Virtual Field Trip to Space
Today our students were treated to a school-wide virtual field trip, hosted by Pacific Science Center. Our host presenter did a fantastic job covering a wide variety of topics in the field of Astrogeology. The presentation began with an overview of land formations on earth, such as volcanoes, canyons, craters, and rivers, and contributing factors to their formation such as gas, asteroids, and erosion.
Students were then encouraged to act as astrogeologists themselves as they travelled on a virtual trip to outer space, looking for landforms on planets and moons in our solar system. Our host used an amazing online planetarium from NASA called “NASA’S Eyes” for our space tour, which she utilized to pose many questions to students about land forms found on Mars, Saturn, Enceladus (one of Saturn’s 82 moons), Earth’s moon, and other planets.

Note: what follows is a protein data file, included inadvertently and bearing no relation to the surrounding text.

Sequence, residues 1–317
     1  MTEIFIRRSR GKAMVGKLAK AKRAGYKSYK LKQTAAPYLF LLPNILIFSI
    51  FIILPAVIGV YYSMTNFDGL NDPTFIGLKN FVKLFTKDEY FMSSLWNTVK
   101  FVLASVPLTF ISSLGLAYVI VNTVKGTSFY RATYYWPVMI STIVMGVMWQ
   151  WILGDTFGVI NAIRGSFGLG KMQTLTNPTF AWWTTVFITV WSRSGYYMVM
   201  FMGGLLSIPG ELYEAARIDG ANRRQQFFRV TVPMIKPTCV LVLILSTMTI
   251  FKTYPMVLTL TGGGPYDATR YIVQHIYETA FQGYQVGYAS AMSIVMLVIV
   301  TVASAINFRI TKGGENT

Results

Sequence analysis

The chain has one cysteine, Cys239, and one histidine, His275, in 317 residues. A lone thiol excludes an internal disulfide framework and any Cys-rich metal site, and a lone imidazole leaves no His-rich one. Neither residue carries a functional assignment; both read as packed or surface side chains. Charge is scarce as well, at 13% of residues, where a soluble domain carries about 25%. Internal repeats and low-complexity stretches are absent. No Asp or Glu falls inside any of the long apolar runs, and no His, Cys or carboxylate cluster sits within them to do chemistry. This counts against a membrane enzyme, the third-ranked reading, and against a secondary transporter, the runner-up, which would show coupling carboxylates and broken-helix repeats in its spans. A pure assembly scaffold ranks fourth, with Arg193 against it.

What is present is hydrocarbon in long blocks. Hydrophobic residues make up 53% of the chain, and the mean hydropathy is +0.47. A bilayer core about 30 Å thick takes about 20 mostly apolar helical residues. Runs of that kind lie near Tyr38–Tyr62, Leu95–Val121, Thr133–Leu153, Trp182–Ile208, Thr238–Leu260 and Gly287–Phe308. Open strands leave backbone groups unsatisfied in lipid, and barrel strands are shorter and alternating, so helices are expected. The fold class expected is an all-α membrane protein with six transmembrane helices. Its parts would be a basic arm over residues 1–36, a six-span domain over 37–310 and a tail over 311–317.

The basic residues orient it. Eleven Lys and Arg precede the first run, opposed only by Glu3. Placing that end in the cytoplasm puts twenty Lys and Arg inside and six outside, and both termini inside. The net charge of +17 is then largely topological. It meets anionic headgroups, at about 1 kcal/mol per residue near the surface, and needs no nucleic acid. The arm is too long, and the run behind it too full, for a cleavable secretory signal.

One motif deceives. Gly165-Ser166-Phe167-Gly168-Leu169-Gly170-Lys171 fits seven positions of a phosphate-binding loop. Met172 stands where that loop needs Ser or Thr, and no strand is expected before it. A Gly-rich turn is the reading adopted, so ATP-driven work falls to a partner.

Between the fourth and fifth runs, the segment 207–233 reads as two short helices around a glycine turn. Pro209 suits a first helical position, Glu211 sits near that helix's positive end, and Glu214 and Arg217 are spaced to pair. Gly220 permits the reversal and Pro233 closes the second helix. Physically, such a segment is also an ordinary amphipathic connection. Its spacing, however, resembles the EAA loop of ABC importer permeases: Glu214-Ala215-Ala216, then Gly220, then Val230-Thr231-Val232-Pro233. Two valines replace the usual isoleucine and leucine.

Q: “Did you know there are polar ice caps on Mars? What are they made of?”
A: “Frozen carbon dioxide.”
Q: “Why is Mars red?”
A: “Mars has a dust layer covering much of the planet, made of iron oxide, aka rust!”
Q: “We see craters on Mars, but they are covered by something… what could it be?”
A: “Material from past volcanic eruptions.”
Throughout the presentation, online students at home and in-person students in class were able to type their answers and pose their own questions to the presenter via a chat function, which allowed the presenter to quickly answer almost immediately! It was a highly interactive way to learn about astrogeology!
We are so blessed by the ongoing support of our Parent Teacher Fellowship group, who provided the funds that allowed us to bring this engaging virtual program to our school. It definitely piqued our students’ interest in learning more about landforms here on Earth and in space, and offers another opportunity for us to consider how God formed all of His wonderous creation!